Norwegian Forest Cat
About Norwegian Forest Cat
The Norwegian Forest Cat is a relative newcomer to the United States, but that doesn’t mean that these cats are new to the feline world of breeds. In fact, the breed is so ancient in Norway that these cats appear in the country’s illustrated folklore and mythology. In this Scandinavian country, the breed is called “skogkatt,” which translates literally to “forest cat” (hence the name it is now known by all over the world). This cat breed can boast being stuff of legends- literally- because Norwegian Forest Cat has been mentioned in legends and folktales of Norse fairy mythology. Some of the tales include talk of forest spirits that have taken the form of large cats, and others, such as myths about the Norse goddess of love (and cats!), Freya, mention large cats that pull the chariots the goddess rides.
However, it’s not only myths that these big kitties appear in. These cats not only have a history as stalwarts of the Norwegian countryside where they worked as mousers in barns and on farms, but the “skogkatt” also traveled with the Vikings to keep rats from infesting the ships. It is possible that the first Norwegian Forest Cat to reach the United States arrived with Leif Ericson in the late 900s, but there is no way to determine that with certainty. What we do know, for sure, is that the Norwegian Forest Cat was preserved as a breed through efforts in the 20th century. These cats were saved from near extinction after World War II by fanciers, and became a welcome addition to European show rings as well as being named the official cat of Norway. The cats were first exported to America in 1979 and were accepted for full championship status in 1993.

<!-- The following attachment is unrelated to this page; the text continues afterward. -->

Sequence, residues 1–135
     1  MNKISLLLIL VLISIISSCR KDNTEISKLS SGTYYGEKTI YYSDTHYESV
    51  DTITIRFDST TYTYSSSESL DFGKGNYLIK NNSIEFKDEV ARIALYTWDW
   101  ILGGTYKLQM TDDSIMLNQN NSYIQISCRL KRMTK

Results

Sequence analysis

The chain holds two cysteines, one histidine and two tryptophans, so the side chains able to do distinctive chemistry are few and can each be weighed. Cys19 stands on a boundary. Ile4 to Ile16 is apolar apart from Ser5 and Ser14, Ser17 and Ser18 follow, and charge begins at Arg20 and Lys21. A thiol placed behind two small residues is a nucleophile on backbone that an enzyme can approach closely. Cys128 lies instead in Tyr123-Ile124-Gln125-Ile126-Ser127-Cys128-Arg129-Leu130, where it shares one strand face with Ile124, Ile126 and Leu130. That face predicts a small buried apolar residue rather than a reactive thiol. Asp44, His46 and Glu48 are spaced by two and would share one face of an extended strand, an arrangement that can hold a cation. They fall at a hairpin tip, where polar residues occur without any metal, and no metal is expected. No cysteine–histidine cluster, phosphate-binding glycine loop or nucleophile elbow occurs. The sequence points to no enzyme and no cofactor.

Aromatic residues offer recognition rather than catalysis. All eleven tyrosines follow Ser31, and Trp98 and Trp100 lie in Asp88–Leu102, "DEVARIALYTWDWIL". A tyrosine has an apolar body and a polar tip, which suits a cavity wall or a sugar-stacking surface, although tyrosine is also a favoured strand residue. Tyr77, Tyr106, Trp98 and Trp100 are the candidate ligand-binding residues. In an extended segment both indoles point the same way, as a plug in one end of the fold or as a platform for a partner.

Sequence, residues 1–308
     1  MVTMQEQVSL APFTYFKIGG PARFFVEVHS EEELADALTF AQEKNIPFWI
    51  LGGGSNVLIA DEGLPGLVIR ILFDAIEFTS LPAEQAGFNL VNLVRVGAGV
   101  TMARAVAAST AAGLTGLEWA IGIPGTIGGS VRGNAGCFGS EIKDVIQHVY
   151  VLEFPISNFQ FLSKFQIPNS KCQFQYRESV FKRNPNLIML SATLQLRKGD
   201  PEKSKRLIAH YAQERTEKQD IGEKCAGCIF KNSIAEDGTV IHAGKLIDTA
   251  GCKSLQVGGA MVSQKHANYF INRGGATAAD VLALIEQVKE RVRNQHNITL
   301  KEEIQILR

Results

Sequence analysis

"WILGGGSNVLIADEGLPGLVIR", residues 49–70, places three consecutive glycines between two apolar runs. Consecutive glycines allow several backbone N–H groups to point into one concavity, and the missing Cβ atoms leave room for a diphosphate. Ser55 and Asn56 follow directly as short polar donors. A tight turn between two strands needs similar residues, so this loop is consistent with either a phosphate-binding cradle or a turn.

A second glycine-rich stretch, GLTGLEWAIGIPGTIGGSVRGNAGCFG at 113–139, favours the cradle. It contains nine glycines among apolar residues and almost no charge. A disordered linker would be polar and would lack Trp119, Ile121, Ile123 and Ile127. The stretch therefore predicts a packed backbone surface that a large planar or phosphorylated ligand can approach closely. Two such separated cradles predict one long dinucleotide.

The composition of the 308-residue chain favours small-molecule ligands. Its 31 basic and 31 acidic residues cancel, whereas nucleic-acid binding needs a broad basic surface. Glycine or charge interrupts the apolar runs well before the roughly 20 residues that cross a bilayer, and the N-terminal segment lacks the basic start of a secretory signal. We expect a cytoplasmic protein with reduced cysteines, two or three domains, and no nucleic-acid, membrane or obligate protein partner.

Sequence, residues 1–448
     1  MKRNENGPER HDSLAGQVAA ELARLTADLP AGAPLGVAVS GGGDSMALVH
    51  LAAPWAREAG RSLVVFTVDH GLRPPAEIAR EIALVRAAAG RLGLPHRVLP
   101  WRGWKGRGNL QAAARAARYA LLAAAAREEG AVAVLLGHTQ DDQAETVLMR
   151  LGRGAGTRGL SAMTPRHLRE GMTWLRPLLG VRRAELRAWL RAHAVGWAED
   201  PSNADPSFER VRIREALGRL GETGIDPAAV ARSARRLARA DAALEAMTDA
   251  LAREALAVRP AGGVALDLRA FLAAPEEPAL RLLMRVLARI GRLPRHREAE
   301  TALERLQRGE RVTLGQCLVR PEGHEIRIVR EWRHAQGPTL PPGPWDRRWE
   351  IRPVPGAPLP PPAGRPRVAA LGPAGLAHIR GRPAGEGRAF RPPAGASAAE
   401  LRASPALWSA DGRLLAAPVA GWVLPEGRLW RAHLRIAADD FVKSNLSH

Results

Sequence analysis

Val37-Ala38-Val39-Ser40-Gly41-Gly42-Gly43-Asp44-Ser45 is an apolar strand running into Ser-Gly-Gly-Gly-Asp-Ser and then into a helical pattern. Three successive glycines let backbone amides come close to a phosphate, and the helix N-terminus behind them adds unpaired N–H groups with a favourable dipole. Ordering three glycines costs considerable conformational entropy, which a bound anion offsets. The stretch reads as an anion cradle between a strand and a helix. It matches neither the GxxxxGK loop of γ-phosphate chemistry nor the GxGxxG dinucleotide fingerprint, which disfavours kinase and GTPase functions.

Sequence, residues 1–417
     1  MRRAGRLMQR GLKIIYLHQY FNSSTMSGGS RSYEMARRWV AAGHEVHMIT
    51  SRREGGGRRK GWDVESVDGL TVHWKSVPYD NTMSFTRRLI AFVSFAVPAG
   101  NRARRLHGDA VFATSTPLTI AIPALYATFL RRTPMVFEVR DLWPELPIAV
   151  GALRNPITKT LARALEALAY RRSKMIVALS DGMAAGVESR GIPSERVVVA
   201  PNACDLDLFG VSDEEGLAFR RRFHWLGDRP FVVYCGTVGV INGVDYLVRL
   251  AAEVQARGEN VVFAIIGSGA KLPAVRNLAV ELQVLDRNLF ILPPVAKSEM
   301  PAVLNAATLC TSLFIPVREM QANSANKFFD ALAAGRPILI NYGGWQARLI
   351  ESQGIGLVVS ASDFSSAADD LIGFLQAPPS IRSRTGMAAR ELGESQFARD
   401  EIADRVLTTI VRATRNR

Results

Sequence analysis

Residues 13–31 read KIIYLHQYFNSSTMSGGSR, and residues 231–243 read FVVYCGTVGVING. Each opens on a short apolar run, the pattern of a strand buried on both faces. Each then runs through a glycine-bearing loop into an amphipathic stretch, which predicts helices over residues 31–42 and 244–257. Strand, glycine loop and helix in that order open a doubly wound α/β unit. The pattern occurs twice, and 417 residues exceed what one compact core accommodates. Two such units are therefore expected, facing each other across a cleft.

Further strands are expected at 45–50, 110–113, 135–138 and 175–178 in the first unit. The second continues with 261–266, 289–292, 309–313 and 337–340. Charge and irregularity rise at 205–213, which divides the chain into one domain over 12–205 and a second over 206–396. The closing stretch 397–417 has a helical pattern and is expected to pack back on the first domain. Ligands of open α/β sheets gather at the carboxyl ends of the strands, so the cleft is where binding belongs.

Although well adapted for life outside, the modern Norwegian Forest Cat is far from an outdoorsman of the feline world.